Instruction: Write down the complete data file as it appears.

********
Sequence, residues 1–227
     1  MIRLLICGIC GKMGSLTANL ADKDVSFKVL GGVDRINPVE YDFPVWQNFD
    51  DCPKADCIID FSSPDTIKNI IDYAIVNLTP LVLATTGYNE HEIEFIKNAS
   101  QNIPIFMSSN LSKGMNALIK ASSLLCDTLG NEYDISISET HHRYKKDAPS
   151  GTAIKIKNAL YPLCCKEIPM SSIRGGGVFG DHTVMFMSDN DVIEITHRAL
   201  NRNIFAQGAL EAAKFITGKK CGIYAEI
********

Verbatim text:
Sequence, residues 1–227
     1  MIRLLICGIC GKMGSLTANL ADKDVSFKVL GGVDRINPVE YDFPVWQNFD
    51  DCPKADCIID FSSPDTIKNI IDYAIVNLTP LVLATTGYNE HEIEFIKNAS
   101  QNIPIFMSSN LSKGMNALIK ASSLLCDTLG NEYDISISET HHRYKKDAPS
   151  GTAIKIKNAL YPLCCKEIPM SSIRGGGVFG DHTVMFMSDN DVIEITHRAL
   201  NRNIFAQGAL EAAKFITGKK CGIYAEI